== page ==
Spit guards dominate Diane Abbott’s conference session
16 May 2017
Shadow Home Secretary Diane Abbott
Shadow Home Secretary Diane Abbott praised the police for their work on diversity and body-worn video – but has come under fire for her comments on spit and bite guards.
Ms Abbott, who reaffirmed her party’s commitment to employ an extra 10,000 police officers should they win the General Election next month, addressed the Federation's conference in Birmingham today.
Speaking on efforts to diversify the police force, she said: “I continue to campaign for the importance of more women, BME and LGBT officers in the ranks. I congratulate the police for the work on that to date.
“I am also a strong advocate of body-worn video cameras, I believe they represent an easy win for the police and the public. They bring fewer complaints against the police when they are worn and they bring greater public confidence. This is a demonstration of how more practical policing means more effective policing. A small investment in technology can bring savings in terms of wasting police time.”
However, Ms Abbott failed to mention the issue of spit and bite guards during her address – and was put on the spot during questions from the floor. Ms Abbott – who has spoken against the use of the protective mesh guards in the past – said she needed more evidence before giving her backing to their wider use, and mistakenly stated that the Metropolitan Police would be the first force to use them, but more than half of police forces in England and Wales are already using them.
“I have been looking at the evidence in relation to spit guards and I continue to look at that evidence,” she said. “I’ve never said I’m against them in principle but like any fresh equipment or power I want to see the evidence of what they would do, particularly in relation to the health risk.
“Among the groups that I have consulted with are groups who represent those with Hepatitis C and those with HIV, and they argue that you don’t catch Hepatitis C or HIV from being spat at. It’s about looking at the research and coming to a view. The Metropolitan Police Service is still looking into it, they have a trial in London and I’m waiting for the results of that.”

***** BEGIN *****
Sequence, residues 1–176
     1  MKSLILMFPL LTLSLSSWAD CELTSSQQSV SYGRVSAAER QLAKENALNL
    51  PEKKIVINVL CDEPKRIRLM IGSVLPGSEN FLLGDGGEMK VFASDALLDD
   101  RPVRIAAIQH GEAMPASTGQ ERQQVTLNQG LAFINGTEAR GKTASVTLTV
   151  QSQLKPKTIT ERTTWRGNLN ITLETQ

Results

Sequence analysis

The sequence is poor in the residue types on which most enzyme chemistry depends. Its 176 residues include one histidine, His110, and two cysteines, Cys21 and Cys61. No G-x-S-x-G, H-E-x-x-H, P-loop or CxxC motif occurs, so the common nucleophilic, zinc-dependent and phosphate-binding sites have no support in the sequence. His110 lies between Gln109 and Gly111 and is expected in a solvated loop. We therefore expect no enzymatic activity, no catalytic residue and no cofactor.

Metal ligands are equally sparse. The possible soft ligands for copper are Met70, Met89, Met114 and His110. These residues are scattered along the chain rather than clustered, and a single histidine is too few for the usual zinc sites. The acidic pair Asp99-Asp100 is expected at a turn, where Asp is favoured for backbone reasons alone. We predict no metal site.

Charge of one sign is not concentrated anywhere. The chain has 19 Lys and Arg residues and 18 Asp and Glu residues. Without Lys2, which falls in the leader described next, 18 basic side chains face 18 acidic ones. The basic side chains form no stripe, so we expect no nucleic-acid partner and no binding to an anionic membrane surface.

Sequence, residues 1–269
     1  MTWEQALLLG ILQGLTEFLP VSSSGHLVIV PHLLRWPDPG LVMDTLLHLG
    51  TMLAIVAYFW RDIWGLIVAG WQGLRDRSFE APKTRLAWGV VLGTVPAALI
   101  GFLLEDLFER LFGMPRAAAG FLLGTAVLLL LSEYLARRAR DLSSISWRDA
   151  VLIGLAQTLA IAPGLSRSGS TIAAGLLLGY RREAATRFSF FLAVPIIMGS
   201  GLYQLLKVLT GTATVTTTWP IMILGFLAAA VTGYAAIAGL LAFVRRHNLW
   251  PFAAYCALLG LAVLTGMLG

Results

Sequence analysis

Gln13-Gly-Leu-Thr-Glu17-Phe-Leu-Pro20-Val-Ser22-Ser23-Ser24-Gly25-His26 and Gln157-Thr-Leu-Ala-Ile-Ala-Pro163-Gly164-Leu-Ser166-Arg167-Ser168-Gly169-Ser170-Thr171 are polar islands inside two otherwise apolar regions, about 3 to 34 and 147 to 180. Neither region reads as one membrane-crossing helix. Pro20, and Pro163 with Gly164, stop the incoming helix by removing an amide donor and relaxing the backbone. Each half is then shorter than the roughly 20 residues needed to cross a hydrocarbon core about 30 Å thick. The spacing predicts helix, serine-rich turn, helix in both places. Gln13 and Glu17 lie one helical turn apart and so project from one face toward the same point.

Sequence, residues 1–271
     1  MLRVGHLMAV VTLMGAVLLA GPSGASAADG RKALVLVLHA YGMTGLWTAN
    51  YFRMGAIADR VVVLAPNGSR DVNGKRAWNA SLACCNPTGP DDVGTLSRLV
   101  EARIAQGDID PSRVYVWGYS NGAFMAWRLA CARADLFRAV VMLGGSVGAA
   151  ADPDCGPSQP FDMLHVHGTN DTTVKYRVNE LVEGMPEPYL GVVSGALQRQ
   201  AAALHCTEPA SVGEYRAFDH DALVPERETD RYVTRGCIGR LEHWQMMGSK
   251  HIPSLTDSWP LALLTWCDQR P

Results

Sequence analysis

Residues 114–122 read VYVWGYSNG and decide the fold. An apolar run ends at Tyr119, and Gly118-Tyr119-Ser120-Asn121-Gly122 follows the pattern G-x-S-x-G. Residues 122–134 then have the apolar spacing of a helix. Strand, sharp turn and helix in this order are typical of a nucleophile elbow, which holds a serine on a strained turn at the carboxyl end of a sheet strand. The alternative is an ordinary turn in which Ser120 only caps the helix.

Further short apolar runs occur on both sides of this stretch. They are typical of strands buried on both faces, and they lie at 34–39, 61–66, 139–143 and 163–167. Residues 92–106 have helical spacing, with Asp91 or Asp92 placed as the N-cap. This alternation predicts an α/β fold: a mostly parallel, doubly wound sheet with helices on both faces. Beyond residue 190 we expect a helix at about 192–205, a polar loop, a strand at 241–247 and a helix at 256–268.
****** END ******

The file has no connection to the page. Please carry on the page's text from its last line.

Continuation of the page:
PFEW’s lead on officer welfare Che Donald was astounded by the comments made by the Labour candidate for Hackney North and Stoke Newington: “Not only was she ill-informed, she was ill-advised and for some of those comments I stood with my mouth open because I couldn’t believe what I was hearing from the Shadow Home Secretary.
“If she’s looking for evidence, I am more than happy to share that with her, it’s the same evidence I’ve shared with the National Police Chiefs’ Council around the risk of contagions carried in saliva.”
And Mr Donald, who has been involved in much of the Federation’s work on the topic of spit and bite guards, insisted it is about much more than the potential risk of disease. “The Federation has never said that you will contract Hepatitis or HIV from saliva, what we’ve always said is that saliva is a carrier for blood and that blood can be spat at us by offenders.”
“I would rather be punched in the face than spat at. It’s unacceptable, it’s a blight on society and it needs to be eradicated. If it takes education to stop people doing this then so be it. Anyone who comes to work and puts their life on the line like our officers do on a daily basis deserve to be treated with respect and dignity.
“And if we’re going to be spat at, and our assault figures shows that it happens on a regular basis, then we need to have the appropriate protections there to protect it from happening further.”
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